In past political campaigns, most of the major media's coverage of candidates read like a stenographer's notes of verbatim quotes. This supposedly was proof of fairness and objectivity.
But coverage also meant incomplete and often misleading information. Merely reporting current promises and claims allowed candidates to switch positions without fear the contradictions would be reported.
That's changing. Reporters are digging into old video and print archives and finding delicious proof of candidate hypocrisy.
Newt Gingrich froze when an early 1990s video clip, in which Gingrich advocated what now is key to President Obama's health care plan, was shown on "Meet the Press." Principles and positions showcased in past campaigns have confronted other candidates, too.
Voter blocs are more demanding than ever that candidates stand for what special interests want today, not what candidates preached in the past. Whereupon, if there's a change and the media discovers the switch, candidates must weasel or explain.
Political news travels fast and far. Traditional media form only part of the system. Social networks, specialty blogs and Internet news services are just as skilled in breaking stories as Washington media. Radio and TV talk shows keep political embarrassments alive, too. Sound and video bites don't go away.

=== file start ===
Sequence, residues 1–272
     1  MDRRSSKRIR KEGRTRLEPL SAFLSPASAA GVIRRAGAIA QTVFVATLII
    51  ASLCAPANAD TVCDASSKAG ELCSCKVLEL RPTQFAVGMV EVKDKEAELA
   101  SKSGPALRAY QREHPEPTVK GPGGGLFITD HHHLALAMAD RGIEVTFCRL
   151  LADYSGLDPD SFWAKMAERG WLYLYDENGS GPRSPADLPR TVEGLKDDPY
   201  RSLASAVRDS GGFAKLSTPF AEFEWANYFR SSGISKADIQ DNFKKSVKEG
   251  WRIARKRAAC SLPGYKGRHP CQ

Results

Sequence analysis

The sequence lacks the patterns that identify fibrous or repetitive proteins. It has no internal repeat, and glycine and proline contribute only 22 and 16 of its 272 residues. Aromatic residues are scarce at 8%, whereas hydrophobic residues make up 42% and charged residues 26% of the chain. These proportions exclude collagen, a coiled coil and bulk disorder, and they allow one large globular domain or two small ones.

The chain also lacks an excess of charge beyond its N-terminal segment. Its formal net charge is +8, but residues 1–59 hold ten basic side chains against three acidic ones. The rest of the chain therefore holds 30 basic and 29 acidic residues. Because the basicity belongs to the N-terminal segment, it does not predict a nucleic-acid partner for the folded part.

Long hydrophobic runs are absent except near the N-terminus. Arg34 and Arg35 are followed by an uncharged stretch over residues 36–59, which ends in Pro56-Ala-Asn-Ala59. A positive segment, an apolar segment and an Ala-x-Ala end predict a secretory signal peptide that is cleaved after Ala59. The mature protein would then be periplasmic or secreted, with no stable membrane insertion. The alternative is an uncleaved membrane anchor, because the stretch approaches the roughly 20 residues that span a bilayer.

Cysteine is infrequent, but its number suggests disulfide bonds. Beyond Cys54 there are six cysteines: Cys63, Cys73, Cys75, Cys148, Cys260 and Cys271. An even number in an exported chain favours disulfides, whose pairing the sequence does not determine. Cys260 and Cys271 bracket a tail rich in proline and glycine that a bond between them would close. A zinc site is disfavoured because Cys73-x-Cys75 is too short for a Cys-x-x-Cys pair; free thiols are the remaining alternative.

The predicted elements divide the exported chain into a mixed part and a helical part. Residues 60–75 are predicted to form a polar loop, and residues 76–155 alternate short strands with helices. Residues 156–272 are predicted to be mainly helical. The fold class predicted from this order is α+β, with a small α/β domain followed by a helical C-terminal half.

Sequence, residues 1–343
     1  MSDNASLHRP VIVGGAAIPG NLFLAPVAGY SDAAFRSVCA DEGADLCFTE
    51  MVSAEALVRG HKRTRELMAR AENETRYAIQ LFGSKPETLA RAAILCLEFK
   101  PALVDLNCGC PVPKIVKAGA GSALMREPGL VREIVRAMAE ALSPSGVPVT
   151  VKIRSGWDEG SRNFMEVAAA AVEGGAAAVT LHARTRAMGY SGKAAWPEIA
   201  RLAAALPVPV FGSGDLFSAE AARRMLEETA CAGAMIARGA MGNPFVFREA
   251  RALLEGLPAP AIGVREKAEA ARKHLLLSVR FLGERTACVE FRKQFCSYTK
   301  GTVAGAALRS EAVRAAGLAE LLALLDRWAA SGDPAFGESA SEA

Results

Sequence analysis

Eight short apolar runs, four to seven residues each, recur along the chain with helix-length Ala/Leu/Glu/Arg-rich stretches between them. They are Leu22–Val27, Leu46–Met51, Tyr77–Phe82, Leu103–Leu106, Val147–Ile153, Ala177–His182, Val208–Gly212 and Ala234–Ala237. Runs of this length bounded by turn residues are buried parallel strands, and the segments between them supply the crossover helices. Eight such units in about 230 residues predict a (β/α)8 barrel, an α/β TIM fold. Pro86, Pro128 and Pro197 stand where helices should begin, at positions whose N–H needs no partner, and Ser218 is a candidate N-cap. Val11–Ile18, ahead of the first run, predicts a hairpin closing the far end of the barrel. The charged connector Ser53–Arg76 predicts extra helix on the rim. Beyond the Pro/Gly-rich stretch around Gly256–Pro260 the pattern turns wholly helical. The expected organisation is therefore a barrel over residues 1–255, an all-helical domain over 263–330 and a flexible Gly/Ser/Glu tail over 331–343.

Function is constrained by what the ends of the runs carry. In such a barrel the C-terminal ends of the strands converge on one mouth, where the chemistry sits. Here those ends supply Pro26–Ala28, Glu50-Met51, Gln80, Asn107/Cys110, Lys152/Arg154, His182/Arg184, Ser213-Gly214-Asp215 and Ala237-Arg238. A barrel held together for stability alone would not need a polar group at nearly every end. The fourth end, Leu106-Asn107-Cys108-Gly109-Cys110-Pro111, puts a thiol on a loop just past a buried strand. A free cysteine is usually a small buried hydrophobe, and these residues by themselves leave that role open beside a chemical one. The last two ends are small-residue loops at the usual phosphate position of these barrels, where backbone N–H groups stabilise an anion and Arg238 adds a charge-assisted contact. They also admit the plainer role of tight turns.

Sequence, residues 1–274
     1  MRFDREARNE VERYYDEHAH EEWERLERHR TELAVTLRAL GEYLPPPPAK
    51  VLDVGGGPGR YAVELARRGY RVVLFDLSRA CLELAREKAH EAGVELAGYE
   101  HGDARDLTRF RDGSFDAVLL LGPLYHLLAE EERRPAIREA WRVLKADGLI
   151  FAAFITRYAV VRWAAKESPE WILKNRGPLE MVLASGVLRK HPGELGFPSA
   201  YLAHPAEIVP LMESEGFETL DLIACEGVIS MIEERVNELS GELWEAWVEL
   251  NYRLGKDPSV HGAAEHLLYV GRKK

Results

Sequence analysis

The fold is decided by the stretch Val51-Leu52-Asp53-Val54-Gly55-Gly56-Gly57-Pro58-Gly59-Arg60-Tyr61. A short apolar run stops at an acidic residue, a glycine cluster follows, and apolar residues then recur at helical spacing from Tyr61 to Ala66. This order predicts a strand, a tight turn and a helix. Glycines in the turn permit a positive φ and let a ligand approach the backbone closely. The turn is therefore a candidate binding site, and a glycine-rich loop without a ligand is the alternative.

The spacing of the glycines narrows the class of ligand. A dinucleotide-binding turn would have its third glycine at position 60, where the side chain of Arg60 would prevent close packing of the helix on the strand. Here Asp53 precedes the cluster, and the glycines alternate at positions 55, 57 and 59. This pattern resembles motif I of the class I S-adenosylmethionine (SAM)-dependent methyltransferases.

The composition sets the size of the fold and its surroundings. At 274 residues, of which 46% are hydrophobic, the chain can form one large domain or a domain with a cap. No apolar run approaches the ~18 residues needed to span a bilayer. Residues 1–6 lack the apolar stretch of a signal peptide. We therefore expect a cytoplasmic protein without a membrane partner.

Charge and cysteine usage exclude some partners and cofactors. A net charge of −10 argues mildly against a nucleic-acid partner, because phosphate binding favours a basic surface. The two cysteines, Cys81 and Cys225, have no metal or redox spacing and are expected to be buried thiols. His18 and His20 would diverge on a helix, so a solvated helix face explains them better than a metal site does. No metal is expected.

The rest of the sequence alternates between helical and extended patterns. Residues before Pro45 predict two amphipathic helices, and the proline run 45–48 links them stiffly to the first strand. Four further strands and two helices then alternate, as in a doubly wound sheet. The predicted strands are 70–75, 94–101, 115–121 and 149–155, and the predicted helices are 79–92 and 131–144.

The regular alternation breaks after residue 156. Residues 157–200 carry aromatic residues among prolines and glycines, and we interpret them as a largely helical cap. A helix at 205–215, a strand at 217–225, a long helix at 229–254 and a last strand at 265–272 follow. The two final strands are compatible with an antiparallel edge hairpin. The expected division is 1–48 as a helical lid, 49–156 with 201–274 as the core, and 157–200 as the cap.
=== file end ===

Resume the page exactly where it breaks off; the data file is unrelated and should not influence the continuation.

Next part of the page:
Retro candidates who've been out of the swim for over a decade don't understand this. Gingrich, for example, looked positively silly when he tried to characterize his disastrous appearance on "Meet the Press" as a liberal media ambush. The tape of his blundering words is being replayed on TV and on the Internet.
Gingrich also made himself look ridiculous when he threatened to condemn as "falsehoods" anyone quoting botched statements from the program that he later disowned. He believes what he said should disappear.
There's no parallel, however, between improved political news coverage and whether voting becomes more intelligent and discriminating. Some voter blocs care only whether a candidate is "liberal" or "conservative" (Do they know the difference?) or endorsed by their ideological group's leaders (read, Tea Party, National Rifle Association, anti-abortionists, etc.) What percentage doesn't like a black president?
Growing dissatisfaction with both parties has led, happily, to a rapid growth in independent voters, who seem genuinely concerned about candidate quality and integrity, not ideological rubber-stamping and talking-point recitations that please party elders.
The return of a well-read, well-spoken intellectual to the White House also means Republican candidates will be compared to President Obama in ways disassociated from policy. Their image must be of poised, highly informed leaders, not just hot-headed partisan regulars slugging it out for caucus votes.
Pat Murphy is the retired publisher of the Arizona Republic and a former radio commentator.